Heat a grill or grill pan (I used my panini press, true story) over medium heat. Grill the chicken until just cooked through, 2-3 minutes on each side.

For the kale + basil pesto corn: In a medium pot with salted water, add 2 cups frozen corn and cook until tender (6-7 minutes), stirring occasionally. Drain and set aside.

Blitz all of the ingredients in a food processor until the pesto has a rough texture. To be honest, I’ve never tasted a difference when you blitz the nuts + garlic prior to adding the leaves, so I tend to add in the lot in one shot.

Add 1/4-1/2 cup of the pesto to the corn. I tend to like a light coating, so I used a 1/4 cup for 4 servings of corn. This is purely my preference.


the finest meatballs you’ll ever make!!!


Four years ago I published a memoir, which was more like a long, angry letter to a woman who was my first hurt. Having fled a dark home where her voice was always the loudest sound, I felt free to shout from the rafters — to tell her all the things I was too frightened or too paralyzed to say. At the time I was newly sober and viewed the world through two singular colors: black and white. My mother was the absence of all color, while me — a woman drowning in her own frenzy — swallowed the rainbow. Never did I conceive that my feelings about her, and the life we lived together, would become complicated. Especially on that one day when she suddenly re-appeared in my life, another daughter in tow, asking a litany of questions related to money. While the drugs were gone, and her voice took on a patina of smoke and age, she remain unchanged. And this put me to thinking that all this time I secretly craved this idyllic reunion where my mother had transformed into the woman I wanted her to be rather than the one who wept over a phone line.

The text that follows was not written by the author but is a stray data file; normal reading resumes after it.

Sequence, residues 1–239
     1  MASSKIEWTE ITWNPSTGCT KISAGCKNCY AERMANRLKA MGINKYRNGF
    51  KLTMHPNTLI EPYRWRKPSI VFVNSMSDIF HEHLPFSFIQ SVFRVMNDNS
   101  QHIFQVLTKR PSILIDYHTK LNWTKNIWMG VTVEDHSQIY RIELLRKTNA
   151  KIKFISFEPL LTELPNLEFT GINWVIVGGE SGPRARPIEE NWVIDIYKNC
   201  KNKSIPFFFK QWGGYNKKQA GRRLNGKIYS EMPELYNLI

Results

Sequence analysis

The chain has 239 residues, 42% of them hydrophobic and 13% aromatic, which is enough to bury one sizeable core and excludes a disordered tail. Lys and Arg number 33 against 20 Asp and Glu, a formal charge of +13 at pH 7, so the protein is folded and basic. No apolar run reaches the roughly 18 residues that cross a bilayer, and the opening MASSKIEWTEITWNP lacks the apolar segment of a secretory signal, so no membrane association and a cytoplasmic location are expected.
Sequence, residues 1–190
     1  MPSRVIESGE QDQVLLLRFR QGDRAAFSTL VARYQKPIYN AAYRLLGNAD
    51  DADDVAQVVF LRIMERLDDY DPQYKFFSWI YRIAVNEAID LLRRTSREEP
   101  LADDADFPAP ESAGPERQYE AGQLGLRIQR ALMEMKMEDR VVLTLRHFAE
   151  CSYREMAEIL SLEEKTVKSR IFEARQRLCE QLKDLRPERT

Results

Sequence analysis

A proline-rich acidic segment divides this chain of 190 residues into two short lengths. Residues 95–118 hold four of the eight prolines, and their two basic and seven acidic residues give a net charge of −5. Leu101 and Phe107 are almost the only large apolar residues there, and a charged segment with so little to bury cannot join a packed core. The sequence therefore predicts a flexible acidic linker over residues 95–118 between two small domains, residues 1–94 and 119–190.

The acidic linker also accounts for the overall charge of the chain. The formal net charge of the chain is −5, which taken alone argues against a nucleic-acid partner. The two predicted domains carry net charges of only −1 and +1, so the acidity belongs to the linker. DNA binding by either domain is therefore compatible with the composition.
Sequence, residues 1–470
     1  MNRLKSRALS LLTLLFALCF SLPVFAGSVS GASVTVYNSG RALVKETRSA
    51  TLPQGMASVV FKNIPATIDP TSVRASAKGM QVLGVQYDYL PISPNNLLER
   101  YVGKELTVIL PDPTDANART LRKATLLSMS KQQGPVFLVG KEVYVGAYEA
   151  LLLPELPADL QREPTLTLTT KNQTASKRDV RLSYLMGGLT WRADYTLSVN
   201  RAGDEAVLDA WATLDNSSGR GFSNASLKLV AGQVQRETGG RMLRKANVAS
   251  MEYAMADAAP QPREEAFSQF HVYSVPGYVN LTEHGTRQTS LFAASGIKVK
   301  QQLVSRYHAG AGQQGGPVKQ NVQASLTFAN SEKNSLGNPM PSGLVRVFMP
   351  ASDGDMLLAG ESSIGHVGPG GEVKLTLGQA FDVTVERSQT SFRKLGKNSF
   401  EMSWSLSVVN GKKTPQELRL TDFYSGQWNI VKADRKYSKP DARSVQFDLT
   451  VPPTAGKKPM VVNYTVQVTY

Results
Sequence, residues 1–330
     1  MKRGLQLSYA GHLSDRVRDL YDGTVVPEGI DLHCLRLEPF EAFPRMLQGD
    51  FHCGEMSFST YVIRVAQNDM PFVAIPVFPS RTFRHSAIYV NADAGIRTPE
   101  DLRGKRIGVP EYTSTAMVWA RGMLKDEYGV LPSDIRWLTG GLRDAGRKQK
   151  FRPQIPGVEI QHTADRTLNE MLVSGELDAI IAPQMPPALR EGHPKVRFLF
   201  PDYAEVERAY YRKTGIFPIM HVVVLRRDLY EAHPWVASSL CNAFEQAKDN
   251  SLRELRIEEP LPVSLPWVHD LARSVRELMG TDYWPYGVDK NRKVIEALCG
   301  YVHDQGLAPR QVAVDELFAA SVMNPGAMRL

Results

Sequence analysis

In the time since, I tried to write another book as I was told I had this gift and it would be a tragedy not to produce. Ah, produce. How could one not think of D.H. Lawrence, all destroy! destroy! destroy! hums the under-consciousness. Love and produce! Love and produce! cackles the upper consciousness. And the world hears only the Love-and-produce cackle. Refuses to hear the hum of destruction underneath. Until such time as it will have to hear. I tried to re-write the story of Jonestown, a version told by Jim Jones’ wife, but I grew bored of the project. I experimented with re-writing Woolf’s The Waves, but got caught up in the poetry.

Wasn’t I meant to produce?

But what happens when your days are filled with closing deals — meetings where you are the proud owner of the extinguisher that’s expected to put out all the fires — and your evenings are spent recovering from all that came before. What happens when you see time march on, your wild-child friends couple and propagate, your writerly friends breed essays at a velocity rivaling an epidemic, and here you are arranging a bookcase of books you can’t remember reading. Years ago a teacher told me that I should write out my obsession, preach it out like sermon, until there is no more. And so I did this, wrote this ode to my mother, and now I’m left with all these minor keying with no symphony to play for.